I finally got to visit the Bo-Kaap area of Cape Town recently. Widely known for its colourfully painted houses, it sits on the slopes of Signal Hill and embodies an interesting part of the Cape’s history. Walking through the cobbled streets one is enveloped in its rich cultural history.
Initially known as the Malay Quarter, it’s an historical centre of the Cape Malay culture. During the 16th and 17th centuries slaves from other parts of Africa, Indonesia, Java Malaysia, and Asia were imported into the Cape to fill artisanal roles for the affluent inhabitants.
This diverse group (they were not all of Malay descent) became known as the Cape Malays. This area, one of the oldest suburbs in Cape Town, is a well-known tourist attraction.
What struck me though, is that it is a living museum. Behind the beautiful facades are real homes inhabited by families. The identity of the area has been preserved despite the encroaching city centre and the commercialisation of the area. After 1994 these houses became very sought after as investment property for overseas investors and trendy Capetonians.
(click on any photo of the gallery to see the full-sized photos)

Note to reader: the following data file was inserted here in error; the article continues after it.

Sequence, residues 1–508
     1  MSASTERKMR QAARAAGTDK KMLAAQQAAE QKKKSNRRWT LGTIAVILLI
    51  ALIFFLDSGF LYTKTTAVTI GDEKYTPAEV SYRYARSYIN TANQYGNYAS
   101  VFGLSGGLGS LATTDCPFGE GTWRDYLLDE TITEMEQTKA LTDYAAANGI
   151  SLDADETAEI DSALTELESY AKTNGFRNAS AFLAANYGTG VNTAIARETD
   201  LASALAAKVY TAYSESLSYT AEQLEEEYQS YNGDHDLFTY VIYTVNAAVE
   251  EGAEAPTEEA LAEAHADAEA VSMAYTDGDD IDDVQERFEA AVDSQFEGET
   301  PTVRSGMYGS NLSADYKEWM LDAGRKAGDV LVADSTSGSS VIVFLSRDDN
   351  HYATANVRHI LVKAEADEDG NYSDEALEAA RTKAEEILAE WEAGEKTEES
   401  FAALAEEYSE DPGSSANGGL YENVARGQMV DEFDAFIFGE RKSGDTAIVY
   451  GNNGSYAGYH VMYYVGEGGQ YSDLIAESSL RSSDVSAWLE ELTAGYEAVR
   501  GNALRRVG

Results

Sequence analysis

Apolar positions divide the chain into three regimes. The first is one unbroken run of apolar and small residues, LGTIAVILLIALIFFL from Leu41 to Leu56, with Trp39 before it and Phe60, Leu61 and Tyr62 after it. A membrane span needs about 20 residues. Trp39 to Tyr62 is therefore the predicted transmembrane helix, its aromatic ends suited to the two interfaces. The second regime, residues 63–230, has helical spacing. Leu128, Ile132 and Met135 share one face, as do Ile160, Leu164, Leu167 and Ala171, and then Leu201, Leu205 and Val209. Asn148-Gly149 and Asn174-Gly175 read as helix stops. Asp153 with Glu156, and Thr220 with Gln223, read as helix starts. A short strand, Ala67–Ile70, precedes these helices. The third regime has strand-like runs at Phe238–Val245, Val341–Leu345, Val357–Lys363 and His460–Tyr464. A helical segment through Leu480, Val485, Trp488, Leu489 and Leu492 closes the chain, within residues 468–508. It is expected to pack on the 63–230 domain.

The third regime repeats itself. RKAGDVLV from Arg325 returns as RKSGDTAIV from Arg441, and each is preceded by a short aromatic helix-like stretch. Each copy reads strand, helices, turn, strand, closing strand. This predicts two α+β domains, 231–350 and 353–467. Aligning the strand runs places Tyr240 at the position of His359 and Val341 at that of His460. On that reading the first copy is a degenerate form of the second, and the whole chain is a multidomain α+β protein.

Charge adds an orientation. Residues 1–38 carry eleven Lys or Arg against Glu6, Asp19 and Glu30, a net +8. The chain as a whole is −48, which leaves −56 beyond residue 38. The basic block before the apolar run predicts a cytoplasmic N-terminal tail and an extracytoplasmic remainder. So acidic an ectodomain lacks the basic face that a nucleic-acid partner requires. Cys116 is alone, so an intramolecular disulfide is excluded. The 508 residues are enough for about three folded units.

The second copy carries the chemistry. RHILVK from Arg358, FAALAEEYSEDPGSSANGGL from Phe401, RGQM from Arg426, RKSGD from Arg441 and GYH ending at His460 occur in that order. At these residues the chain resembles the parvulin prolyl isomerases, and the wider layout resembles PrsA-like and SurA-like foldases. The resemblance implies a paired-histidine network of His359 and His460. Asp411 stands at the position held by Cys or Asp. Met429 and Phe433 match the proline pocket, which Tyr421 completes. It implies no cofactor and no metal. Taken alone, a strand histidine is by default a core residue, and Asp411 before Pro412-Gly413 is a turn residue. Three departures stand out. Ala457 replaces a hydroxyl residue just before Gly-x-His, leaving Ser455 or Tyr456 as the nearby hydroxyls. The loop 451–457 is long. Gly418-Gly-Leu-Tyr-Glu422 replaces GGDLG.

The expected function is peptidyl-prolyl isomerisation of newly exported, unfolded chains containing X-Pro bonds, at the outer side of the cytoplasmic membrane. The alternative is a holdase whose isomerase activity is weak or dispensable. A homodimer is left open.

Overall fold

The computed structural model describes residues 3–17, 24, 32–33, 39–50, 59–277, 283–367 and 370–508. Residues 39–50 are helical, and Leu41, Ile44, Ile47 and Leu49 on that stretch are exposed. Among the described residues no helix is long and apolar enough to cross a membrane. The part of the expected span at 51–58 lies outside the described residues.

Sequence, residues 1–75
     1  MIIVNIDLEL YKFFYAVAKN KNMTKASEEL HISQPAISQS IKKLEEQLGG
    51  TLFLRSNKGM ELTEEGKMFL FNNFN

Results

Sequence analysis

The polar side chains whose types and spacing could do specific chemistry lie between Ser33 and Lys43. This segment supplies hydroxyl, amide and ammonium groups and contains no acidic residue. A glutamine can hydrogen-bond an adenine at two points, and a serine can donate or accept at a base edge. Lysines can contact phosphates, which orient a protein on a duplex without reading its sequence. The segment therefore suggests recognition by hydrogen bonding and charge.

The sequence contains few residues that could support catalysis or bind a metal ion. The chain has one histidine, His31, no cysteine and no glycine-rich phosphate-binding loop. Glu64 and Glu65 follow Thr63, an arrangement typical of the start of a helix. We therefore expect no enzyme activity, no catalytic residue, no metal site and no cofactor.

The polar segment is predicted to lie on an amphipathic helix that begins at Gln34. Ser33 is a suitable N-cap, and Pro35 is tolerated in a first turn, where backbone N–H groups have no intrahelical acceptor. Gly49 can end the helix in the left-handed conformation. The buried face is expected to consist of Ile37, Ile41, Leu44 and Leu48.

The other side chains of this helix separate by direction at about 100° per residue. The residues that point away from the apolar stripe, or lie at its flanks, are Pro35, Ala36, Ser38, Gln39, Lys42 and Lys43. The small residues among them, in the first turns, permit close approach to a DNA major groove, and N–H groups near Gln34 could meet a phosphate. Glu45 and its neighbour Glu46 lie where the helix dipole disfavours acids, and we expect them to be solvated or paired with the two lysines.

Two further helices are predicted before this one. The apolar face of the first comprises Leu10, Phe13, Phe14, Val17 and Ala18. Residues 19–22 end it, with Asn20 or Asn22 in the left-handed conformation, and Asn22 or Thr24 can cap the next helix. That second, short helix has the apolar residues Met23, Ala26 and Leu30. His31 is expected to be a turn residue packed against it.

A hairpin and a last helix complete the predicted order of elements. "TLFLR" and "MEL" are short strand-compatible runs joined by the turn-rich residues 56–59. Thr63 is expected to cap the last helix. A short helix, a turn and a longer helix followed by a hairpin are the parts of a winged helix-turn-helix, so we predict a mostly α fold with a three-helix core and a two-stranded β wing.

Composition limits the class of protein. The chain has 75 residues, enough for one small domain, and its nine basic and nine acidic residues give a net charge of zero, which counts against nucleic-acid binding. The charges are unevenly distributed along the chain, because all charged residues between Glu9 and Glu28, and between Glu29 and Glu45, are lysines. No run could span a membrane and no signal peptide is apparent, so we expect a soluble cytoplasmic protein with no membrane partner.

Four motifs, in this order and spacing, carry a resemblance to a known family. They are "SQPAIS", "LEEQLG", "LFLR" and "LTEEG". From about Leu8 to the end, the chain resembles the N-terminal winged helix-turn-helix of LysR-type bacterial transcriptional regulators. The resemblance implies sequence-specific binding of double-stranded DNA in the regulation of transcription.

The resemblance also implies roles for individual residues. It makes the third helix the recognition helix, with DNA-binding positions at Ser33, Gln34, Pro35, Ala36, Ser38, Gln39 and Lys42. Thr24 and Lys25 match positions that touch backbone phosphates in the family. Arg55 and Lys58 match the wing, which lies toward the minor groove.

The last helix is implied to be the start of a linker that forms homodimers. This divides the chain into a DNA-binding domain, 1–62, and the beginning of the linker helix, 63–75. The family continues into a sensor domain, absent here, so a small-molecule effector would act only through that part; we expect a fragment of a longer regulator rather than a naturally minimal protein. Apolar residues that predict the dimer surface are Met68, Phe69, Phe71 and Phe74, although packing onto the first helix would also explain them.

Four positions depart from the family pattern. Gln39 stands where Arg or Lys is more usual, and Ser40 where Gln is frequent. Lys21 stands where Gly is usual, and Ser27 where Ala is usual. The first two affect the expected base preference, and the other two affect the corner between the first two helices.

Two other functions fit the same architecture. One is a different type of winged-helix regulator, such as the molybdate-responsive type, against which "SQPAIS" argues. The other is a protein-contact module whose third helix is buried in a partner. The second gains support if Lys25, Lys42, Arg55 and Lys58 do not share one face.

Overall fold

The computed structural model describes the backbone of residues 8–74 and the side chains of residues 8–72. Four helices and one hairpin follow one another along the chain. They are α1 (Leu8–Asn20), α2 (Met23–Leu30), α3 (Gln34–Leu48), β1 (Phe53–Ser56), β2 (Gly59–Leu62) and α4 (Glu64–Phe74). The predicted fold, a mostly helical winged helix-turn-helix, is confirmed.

Gallery: Start your tour at the Bo-Kaap Museum on Wale Street. The museum tells the story of the area and its peoples. Walking tours of the area start here.
Gallery: Marvel at the beautiful and colourfully painted houses as you walk up and down the steep cobbled streets.
Rose’s Cafe has been in the area since the early days. At one time it was the only shop in the area to buy foodstuffs. It is still owned by the original family. Situated directly across from the Bo-Kaap Museum it makes a roaring trade from the tourists. It’s a haven of Malay food, ice-creams and cool-drinks, and still sells foodstuffs to the people who live there.
Bismillah’s Restaurant and Coffee Shop has also been in the area for many years, serving delicious Malay cuisine. Che and I had a date with Table Mountain otherwise we would have stopped in for lunch.
Gallery: The “living museum” – with these photos I want to show that it is an area where families live, children go to school and friends go for a walk whilst enjoying ice-cream. Descendants of the original families still live there.
There are many mosques in the area and during the day the call to prayer for the area’s muslims is heard throughout the area. This is the Auwal Mosque in Dorp Street. It was established in 1794 and is the oldest mosque in South Africa.
Gallery: Then there are those streets that are off the beaten track. I doubt whether many tourists make their way down these streets and alleys, but they are just as important as the beautiful houses on the main roads. They have beautiful views of the Table Mountain cable-way.
My favourite photo of the whole experience – matching house, matching car.
Entered in this week’s WordPress weekly photo challenge – theme is Enveloped. Click on the link to see more interpretations of this theme.